|Reviews for What Shall I Call You?|
| the lycans chapter 4 . 11/25/2007
Brilliant. update soon!
| Arhani 'Hanny' Daforcena chapter 4 . 11/10/2007
Hmm, Aldor sounds more like someone from Gondor to me. People from Rohan, especially during Thengel's reign, hardly speaks any language outside of their own...
Very engaging story, by the way. LOVE IT!
| lindahoyland chapter 4 . 11/8/2007
I loved the image of Aragorn almost brought in by the north wind.
| Girlbird chapter 4 . 11/5/2007
I absolutely adore this. You write very well and I've never read anything like this before. Update soon!
| Ranchi Blade chapter 4 . 11/5/2007
Can not say much, I think its intresting and good
| eiluj chapter 4 . 11/4/2007
I very much liked the way you used the north wind.
Rohan is a new experience for Aragorn: new land, new culture, new language. It would be nice to see more of his reaction to and analysis of the land and people - as well as the king he’s committed to serving.
"Aragorn gave a shout to Heorl when his eyes caught on a moving shadow in the distance. 'Up ahead! We’re but a few leagues away!'" - Karen Forstad's analysis of distances in Middle-earth (in her Atlas of Middle-earth) confirms that Tolkien's league is equivalent to three miles. A few leagues? Could Aragorn see even two leagues (six miles) in the dark?
There are three problems here. First, because of the earth's curvature, to a tall man on horseback, the horizon is only about 6 miles (2 leagues) away [see en. wikipedia wiki/Horizon for how to calculate this]. Note that when Aragorn and Legolas saw Éomer's éored from 5 leagues away, they were atop a hill at the time, able to see much farther than Aragorn would have seen from atop his horse.
Second problem: Even with the half-moon visible (when the clouds aren’t in the way), it's dark. How far can you see - out in the country, away from the lights of civilization - in conditions like that? Of course, if the Dunlendings had been carrying torches, that would have been a different matter!
Third problem: Aragorn really *doesn't* have Elvish eyesight. Again, that scene in “The Riders of Rohan.” Aragorn saw “a dark swift-moving blur.” Legolas counted all 105 in the éored, and noted their spears, the color of their hair, and Éomer’s height.
"Without once causing any discomfort or resurface of pain" - Unfortunately, “resurface” is a verb (transitive: to provide with a new or fresh surface; intransitive: to come again to the surface [as of water]; broadly: reappear), not a noun as you have used it here. You might mean "resurgence" (a rising again into life, activity, or prominence : renascence).
Then again, you might mean “resurfacing.” I don’t find that at Merriam-Webster online [w w w. m-w. com], but it appears a zillion times on the Web; everything I saw was in the sense of the transitive verb (“provide with a new or fresh surface” in medical or construction situations). If the intransitive verb has an equivalent noun (and it seems perfectly logical), it would mean “reappearing,” and that might also be what you’re after here.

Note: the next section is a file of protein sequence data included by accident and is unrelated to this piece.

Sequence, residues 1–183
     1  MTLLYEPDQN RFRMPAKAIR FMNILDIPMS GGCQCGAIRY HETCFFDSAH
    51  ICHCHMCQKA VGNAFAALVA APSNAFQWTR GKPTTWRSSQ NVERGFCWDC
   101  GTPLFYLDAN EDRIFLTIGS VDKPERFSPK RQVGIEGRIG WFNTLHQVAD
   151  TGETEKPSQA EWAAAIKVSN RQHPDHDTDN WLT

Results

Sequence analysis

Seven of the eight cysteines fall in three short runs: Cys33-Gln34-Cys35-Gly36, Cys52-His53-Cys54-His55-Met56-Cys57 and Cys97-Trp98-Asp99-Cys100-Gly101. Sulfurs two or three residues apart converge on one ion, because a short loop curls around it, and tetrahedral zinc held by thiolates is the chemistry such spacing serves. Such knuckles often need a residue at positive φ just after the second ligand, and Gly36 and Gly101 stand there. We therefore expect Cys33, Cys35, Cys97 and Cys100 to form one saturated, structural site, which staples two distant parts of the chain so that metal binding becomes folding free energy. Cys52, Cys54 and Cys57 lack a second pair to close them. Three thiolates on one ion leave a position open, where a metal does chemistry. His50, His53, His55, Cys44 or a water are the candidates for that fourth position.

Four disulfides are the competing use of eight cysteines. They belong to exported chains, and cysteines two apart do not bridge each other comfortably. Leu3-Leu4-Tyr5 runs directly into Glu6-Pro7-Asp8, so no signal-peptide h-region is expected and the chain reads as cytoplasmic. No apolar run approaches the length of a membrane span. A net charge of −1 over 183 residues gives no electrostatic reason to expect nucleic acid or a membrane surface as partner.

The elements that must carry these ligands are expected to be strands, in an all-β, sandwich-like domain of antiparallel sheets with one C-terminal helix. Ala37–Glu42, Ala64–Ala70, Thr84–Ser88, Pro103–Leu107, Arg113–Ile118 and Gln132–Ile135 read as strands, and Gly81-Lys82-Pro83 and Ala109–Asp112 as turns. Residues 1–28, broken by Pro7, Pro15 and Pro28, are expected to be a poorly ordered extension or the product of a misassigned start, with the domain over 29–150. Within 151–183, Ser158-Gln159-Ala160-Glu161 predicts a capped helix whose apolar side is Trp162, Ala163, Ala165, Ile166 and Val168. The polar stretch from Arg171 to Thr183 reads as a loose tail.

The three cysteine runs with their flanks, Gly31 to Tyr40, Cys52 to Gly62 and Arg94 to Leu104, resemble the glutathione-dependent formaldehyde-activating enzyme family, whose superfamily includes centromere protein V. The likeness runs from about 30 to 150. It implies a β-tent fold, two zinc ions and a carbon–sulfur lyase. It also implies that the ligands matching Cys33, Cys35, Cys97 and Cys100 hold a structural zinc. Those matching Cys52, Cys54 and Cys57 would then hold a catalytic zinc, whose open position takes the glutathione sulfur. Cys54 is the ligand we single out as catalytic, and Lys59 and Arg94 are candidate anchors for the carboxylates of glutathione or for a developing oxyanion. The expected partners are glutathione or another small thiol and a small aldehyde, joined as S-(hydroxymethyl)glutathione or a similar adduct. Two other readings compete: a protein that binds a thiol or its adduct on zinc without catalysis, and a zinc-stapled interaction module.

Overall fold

| eiluj chapter 2 . 11/4/2007
"Elendil…your forefather who preceded you almost two thousand years ago." That should be "almost *three* thousand years" - as you have correctly a couple of paragraphs later.
"And so Aragorn stepped onto the path destined for him from the beginning of Arda" - Very nice!
| eiluj chapter 1 . 11/4/2007
A lovely idea for a series. This chapter is unusual (compared to other fanfics) in that the idea to move to Rivendell comes from Gilraen (or perhaps another of the Dúnedain) rather than from the Twins or Elrond.
"The young Dúnadan woman" - I believe that should be "Dúnedain woman." Yes, Gilraen is only one person, but her people are the "Dúnedain," so that is used as the adjective.
"The still-sore wounds of grief panged in her heart" - I didn't think "pang" could be a verb, but you're right, it is: "to cause to have pangs : torment." However, it's a *transitive* verb, so it requires a direct object: the wounds of grief might pang *Gilraen* or pang *her heart* but they can't pang *in her heart* because that's a prepositional phrase rather than a direct object.
| Calenlass Greenleaf chapter 4 . 11/4/2007
I thought this was wonderful. Your explanation for every name-it was very nice. I enjoyed every tale.
| twin03 chapter 4 . 11/4/2007
Nicely done. This is an enjoyable story. The level of detail is just right for the story - much more and you would get bogged down in the individual scenes, and less would leave it feeling empty. I'll look forward to more!
| lindahoyland chapter 3 . 8/24/2007
A very vivid glimpse of how Aragorn got one of his most famous names.A shame the Rangers are so little appreciated. Good luck at college, I hope you enjoy it and are happy there.
| BellaCordelia chapter 3 . 8/23/2007
Just ran across your story. I really like how you're going at this in such a unique manner!
| grumpy123 chapter 3 . 8/20/2007
Great one, actually Strider is a good name, for someone who good about in a hurry and has long legs to get him there.
| Anduniel chapter 3 . 8/18/2007
Nicely done - love your OC's
| Sarahbarr17 chapter 3 . 8/18/2007
Excellent story. Well done!